Also, if you are screaming at someone in front of you and honking, likely they will simply react defensively: cursing and swearing back at you, regardless of who is right or wrong. The damage at this point is two-fold. Now yours and the other drivers’ concentration has been compromised – raising your likelihood of being in an accident. Not only that but the people around you will likely have decided (in their own minds) whether one or the other of you was in the right – and carry the animosity of your situation with them. This means that not only you and the other driver, but also other people may be in an angry state while driving, all as a result of one person cutting another off, or not letting them into a lane. It creates a domino effect of angriness that spreads – more people swear and honk, more people swerve and cut others off – because if that guy did, I am entitled, too! Right? 😉
You can also look at things from the other perspective when experiencing not-so-great drivers who are compromising your safety. If someone is signaling to get into your lane, make space for them. Sure, you might be angry because they have just shoved you back one car length, and now you’re going to be even later than before (by a whole 2 seconds!)… but on the flip side – they are only one car length ahead of you! So they really didn’t get much further ahead, and you are not really that much further behind…
It’s difficult to think in these terms, because everyone seems to think that they are entitled to their spot, their lane, and to cut other people off – but not the other way around. There is a serious double standard in most drivers’ eyes. If we shift our concentration from making sure we are getting what we are “entitled” to when driving to concentrating on making sure that everything we are doing is safe, I think that not only will there be less accidents, but eventually (in a utopia, I know) people will catch on and be more courteous and forgiving on the road. After all, everyone makes mistakes.
Maybe that guy in the Audi cut you off because his wife is in the passenger seat with a huge bleeding cut on her arm and she needs medical attention. Perhaps the lady in the van didn’t check her blind spot because she is not concentrating on the road because her baby just threw up and is choking in the back seat. Or perhaps the teenagers in the K-car are just driving recklessly and not paying attention. You never really know what’s going on in other cars. Sure – most likely they cut you off because they feel like you (or others around you) are going too slow and that getting one car length ahead will help them go faster. Either way, just let them go and make sure that you are being safe. And do it with a smile on your face!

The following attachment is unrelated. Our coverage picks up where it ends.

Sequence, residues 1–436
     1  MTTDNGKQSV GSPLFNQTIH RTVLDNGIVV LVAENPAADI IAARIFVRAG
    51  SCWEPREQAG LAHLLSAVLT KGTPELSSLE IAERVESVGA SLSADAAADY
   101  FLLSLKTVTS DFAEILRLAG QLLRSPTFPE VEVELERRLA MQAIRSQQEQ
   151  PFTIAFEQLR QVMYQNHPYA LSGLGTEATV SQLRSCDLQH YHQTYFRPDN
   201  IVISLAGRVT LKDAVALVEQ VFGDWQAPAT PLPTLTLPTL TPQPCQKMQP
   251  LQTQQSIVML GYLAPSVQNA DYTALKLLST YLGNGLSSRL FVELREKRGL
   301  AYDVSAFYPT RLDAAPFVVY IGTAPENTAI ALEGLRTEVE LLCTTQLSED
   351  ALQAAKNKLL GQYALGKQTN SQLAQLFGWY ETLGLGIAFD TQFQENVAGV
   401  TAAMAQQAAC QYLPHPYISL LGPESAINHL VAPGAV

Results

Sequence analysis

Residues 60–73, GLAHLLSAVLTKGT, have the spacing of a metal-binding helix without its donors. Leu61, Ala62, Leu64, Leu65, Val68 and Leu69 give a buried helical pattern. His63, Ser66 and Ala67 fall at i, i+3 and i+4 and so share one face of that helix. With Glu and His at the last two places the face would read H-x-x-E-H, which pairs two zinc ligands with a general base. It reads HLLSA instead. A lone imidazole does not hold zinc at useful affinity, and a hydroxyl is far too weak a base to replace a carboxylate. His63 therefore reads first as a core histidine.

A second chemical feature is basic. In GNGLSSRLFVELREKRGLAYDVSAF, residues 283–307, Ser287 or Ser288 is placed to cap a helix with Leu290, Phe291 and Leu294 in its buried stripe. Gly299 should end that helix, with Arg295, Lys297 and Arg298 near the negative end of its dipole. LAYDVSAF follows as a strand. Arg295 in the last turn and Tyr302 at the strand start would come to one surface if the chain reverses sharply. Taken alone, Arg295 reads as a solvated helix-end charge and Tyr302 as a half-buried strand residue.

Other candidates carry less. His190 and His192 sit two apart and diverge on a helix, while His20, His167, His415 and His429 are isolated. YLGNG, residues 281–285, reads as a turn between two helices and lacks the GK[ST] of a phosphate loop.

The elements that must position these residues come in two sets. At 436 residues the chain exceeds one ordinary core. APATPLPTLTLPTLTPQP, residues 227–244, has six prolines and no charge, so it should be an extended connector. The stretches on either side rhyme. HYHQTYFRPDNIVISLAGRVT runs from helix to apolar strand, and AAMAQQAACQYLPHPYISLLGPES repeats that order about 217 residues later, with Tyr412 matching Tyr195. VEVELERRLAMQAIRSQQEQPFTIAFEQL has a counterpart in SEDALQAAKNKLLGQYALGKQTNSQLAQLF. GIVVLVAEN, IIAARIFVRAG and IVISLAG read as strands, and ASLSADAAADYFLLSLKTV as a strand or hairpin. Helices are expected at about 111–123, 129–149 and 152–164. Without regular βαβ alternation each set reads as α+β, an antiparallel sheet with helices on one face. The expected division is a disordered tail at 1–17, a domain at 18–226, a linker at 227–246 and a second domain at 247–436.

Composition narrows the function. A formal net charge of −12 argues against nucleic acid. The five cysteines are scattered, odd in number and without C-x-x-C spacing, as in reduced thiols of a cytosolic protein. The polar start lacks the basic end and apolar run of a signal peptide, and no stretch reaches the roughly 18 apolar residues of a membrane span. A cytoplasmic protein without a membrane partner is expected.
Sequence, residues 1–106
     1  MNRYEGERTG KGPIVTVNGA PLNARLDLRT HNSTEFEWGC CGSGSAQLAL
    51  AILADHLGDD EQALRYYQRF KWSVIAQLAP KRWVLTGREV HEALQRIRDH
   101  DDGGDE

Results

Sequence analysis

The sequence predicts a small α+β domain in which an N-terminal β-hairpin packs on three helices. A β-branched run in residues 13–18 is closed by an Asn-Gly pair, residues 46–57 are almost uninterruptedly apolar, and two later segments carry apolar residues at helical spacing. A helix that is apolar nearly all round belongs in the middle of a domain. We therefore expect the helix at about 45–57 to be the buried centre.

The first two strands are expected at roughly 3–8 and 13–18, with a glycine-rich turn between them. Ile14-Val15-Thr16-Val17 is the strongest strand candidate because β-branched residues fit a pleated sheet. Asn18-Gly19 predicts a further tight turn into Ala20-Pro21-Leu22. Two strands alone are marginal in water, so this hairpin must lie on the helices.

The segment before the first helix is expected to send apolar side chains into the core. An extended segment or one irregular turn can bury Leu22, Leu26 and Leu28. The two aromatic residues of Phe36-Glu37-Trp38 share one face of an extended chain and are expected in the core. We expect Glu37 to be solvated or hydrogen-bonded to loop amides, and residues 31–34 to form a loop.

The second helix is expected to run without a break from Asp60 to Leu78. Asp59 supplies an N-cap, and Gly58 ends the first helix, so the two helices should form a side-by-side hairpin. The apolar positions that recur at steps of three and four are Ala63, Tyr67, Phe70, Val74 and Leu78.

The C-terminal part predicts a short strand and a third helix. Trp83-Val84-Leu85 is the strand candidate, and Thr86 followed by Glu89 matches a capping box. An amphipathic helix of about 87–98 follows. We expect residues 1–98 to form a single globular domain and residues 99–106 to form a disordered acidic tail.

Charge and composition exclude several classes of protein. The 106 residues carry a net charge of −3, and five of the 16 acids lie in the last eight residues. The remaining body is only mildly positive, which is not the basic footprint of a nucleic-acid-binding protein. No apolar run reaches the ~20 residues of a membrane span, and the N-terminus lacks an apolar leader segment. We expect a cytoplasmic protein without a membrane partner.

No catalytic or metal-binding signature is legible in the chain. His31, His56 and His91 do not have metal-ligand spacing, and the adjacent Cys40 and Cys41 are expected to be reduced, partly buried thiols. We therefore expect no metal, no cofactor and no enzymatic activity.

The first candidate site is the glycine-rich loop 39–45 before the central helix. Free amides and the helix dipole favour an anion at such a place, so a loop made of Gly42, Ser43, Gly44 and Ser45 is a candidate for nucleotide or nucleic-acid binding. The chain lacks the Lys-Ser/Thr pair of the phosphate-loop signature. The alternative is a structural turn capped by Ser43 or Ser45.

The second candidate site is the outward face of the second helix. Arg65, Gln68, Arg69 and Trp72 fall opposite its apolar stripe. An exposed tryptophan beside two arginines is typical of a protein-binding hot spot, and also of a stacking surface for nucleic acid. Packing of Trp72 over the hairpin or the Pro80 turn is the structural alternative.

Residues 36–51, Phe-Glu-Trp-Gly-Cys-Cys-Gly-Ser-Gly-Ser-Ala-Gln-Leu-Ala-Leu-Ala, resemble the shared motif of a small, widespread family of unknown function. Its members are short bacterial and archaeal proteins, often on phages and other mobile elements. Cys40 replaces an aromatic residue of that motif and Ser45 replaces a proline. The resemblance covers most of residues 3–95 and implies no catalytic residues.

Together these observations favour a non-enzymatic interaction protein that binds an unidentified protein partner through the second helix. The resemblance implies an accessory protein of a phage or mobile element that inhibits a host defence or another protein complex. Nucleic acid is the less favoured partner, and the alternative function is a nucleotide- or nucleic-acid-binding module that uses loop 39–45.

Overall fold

Why? Because KARMA will repay them. I have personally seen Karma in action while driving. I was in traffic, and a car was coming up fast from behind me, switching lanes erratically, swerving, and squashing himself into tight spots so that he could get ahead of all of us who were patiently driving through traffic. Then, all of a sudden he realized he had to go left, and crossed three lanes of traffic (nearly clipping someone’s car!) so that he could get into the left turning lane. Do you know what happened? This guy ended up hitting the curb in the left hand lane and likely did some real damage to one or both of the rims on that side of his car. I’m sure that everyone who was patiently driving safely had a big smile on their faces.
I know I did!
So when someone cuts me off, or refuses to let me into their lane, 9 times out of 10 I have learned to just smile or laugh (at them!) and make sure I have left safe space around my car, and that I’m doing what I’m supposed to on the road. I try to only use my horn if I feel like I’m in danger and need to warn another driver to pay attention. I have found that not only does this make my commute happier (because laughing at idiots is WAY more fun than honking and swearing at them), but when I get to my destination, I feel a whole lot more fantastic. I’m far from perfect on the road, but I’m getting there. Not only that, but changing my practice has eliminated a whole lot of stress from my daily life!